Read about the nutrition facts, health benefits, nutritional value and calories found in Turkey

Turkey Nutrition

What is the first word that strikes you when you hear the word, “Thanksgiving”? Without any second thoughts, it must be turkey. Turkey, originally a native of United States, holds an iconic status in the American culture. In the US, it has become synonymous with the Thanksgiving festival and is associated with family celebrations. On special occasions, like Christmas and Thanksgiving, turkey gives an opportunity to the entire family to sit around the large roasted bird and enjoy the soft meat while sharing some memorable moments. With the increase in health awareness, people have now started looking for alternatives to red meat, and turkey perfectly fits into this category. Being a rich source of essential nutrients, turkey is a healthy choice that can be savored anytime throughout the year and is not just a festival delicacy. The less saturated fat and calories make it a good life-giving source. Bake, broil or sauté in some healthy oil, you have a tempting and succulent cut of nutritious turkey to feast on. Baste it with some broth, lemon or orange juice for that taste enhancement. Moving ahead are some amazing health benefits of gorging on to this delicious bird.



Turkey is believed to be a native to the United States and Mexico. The bird has been a part of the traditional culture of Americans for centuries. When Christopher Columbus returned back to Europe from the New World, he brought turkeys along with him. By the 16th century, turkeys were popularly domesticated in Italy, France and England. In the beginning, turkeys were reserved for banquet tables of royalty, but later they became popular amongst other classes of the society. Turkey has been so significant in American culture that the very thought of turkey itself brings forth images of pilgrims and Thanksgiving dinners. Historians believe that Benjamin Franklin wanted turkey to be the national bird of America but got upset when the eagle was chosen instead. The place of the turkey in American culture is pretty established; it is an icon of America and was even a part of the first meal that Neil Armstrong and Buzz Aldrin enjoyed on the moon. The top producers and consumers of turkey include Israel, the United States, France, Italy, the United Kingdom, Canada and the Netherlands, currently.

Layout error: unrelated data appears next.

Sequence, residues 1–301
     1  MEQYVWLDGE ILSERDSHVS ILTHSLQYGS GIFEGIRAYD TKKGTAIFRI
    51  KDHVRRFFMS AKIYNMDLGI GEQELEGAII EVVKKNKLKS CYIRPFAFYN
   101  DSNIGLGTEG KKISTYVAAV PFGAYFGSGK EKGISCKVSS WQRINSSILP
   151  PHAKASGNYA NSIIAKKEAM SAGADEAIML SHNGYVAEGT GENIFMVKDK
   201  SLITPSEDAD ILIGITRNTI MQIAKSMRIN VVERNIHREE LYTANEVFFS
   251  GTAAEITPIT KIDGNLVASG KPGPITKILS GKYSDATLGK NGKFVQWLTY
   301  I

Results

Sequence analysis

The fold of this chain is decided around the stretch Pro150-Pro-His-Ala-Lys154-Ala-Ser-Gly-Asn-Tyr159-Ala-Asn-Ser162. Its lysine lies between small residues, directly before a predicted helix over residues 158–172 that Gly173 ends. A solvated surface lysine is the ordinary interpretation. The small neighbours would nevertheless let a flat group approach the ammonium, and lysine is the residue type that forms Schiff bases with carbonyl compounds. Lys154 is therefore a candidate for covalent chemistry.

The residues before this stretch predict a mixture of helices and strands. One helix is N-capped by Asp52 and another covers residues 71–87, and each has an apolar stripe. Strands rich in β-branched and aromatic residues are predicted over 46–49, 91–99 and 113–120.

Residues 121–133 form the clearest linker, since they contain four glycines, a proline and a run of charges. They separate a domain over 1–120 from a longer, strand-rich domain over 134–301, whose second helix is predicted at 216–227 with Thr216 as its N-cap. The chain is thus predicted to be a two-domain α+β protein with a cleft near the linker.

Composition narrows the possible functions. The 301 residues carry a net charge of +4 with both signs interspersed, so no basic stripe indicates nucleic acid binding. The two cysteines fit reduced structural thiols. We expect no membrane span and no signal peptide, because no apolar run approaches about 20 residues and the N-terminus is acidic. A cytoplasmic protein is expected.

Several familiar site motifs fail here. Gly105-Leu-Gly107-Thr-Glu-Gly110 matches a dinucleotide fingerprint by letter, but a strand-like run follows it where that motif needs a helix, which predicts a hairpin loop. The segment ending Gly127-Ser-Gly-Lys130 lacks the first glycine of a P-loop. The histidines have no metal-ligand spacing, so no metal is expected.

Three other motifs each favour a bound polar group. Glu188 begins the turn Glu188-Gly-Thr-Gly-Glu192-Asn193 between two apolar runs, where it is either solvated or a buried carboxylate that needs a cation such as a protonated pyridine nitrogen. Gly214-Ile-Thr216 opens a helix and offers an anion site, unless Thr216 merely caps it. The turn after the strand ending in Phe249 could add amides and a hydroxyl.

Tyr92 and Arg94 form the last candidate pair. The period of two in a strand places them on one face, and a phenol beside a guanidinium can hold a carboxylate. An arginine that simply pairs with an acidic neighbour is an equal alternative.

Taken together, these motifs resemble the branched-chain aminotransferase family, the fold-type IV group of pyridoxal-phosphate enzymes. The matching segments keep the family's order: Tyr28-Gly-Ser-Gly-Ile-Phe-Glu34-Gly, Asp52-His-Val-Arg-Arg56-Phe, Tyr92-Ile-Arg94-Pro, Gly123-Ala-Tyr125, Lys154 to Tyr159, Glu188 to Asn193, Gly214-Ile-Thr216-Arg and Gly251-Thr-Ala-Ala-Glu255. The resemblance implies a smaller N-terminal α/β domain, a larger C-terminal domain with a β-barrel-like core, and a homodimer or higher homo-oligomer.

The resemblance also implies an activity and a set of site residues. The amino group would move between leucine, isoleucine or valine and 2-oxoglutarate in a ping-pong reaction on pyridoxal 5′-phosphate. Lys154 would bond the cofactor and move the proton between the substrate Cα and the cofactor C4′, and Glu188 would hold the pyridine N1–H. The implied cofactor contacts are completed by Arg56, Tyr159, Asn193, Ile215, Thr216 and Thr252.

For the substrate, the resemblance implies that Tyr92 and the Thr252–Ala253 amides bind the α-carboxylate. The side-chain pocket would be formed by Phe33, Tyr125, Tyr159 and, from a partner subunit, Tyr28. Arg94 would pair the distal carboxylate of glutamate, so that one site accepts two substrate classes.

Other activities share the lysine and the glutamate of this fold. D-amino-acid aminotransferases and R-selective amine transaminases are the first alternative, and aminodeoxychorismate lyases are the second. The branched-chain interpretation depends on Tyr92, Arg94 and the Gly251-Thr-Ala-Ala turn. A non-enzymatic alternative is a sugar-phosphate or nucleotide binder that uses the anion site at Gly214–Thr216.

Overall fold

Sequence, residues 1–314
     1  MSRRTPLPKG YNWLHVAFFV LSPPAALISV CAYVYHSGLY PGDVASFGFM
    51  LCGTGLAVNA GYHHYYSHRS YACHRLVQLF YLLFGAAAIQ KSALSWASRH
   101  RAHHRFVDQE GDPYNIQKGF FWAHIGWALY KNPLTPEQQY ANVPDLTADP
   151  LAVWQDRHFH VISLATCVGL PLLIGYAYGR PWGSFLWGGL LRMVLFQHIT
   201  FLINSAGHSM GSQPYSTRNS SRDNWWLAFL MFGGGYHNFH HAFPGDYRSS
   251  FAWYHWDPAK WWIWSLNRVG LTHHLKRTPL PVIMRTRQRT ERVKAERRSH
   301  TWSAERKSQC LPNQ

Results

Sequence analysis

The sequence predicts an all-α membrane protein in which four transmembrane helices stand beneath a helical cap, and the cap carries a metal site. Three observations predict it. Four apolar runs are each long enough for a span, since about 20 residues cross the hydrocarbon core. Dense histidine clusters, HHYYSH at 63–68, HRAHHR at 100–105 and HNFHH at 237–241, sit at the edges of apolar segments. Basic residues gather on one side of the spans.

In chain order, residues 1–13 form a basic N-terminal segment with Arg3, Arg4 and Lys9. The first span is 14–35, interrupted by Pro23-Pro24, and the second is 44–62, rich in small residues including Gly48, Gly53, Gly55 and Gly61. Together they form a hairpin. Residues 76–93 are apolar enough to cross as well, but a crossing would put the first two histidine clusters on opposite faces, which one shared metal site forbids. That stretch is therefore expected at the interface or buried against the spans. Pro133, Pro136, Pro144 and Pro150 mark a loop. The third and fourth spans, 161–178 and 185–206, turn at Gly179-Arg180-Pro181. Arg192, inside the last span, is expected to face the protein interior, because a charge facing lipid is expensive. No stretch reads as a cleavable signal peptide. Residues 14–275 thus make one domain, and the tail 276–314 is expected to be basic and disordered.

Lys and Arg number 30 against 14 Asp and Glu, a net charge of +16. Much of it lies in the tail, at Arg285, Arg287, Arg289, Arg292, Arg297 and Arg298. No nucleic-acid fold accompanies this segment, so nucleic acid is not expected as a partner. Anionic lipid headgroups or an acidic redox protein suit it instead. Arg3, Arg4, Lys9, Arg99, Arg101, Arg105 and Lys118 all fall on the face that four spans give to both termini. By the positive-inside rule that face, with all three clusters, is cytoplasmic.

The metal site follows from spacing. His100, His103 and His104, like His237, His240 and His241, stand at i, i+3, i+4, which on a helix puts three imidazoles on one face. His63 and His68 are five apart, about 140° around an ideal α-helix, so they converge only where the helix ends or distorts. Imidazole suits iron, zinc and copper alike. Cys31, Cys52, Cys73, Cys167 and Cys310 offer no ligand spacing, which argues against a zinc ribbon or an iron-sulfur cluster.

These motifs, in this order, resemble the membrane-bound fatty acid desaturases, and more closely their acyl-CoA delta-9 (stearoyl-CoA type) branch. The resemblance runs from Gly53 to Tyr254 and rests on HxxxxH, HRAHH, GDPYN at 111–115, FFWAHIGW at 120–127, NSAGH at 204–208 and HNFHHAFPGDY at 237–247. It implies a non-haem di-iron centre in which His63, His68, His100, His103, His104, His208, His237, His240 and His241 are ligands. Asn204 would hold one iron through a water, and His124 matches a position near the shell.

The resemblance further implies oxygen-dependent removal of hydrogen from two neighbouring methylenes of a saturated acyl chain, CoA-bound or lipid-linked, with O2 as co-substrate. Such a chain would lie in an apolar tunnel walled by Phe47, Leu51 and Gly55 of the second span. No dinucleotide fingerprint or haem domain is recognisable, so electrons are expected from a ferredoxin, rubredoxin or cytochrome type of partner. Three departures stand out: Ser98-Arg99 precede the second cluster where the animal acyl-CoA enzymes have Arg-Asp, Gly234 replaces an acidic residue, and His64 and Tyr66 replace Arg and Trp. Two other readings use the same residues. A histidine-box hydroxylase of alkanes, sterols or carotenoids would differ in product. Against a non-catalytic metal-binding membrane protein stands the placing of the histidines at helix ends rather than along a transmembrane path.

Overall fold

Health Benefits of Peru (Turkey)


  • Animal meat foods, such as chicken, pork and beef, are high in saturated fats that can be harmful for the body cholesterol level. Researchers state that consuming light skinless, roasted turkey can be beneficial since it contains less saturated fat, less total fat, and less cholesterol compared to chicken, pork or beef.

  • Turkey contains the essential trace mineral selenium which is important for the healthy functioning of the thyroid and immune system. Selenium plays a significant role in the antioxidant defense system and effectively helps in eliminating cancer-friendly free radicals in the body.

  • The selenium content in turkey acts as an antioxidant by preventing cellular damage caused by free radicals, stimulating metabolism, and reducing the risk of developing cardiovascular disease.

  • Being a good source of essential amino acid tryptophan, turkey plays a vital role in promoting the immune system. Studies prove that tryptophan is very effective in alleviating symptoms of the autoimmune disease, multiple sclerosis.

  • Turkey provides great amount of protein which helps in maintaining optimum testosterone levels in men. Inadequate intake of protein in elderly men may lead to elevated sex hormone-binding globulin levels and decreased testosterone bioactivity. This can further result in decline in sexual function and muscle and red cell mass, thereby contributing to the loss of bone density.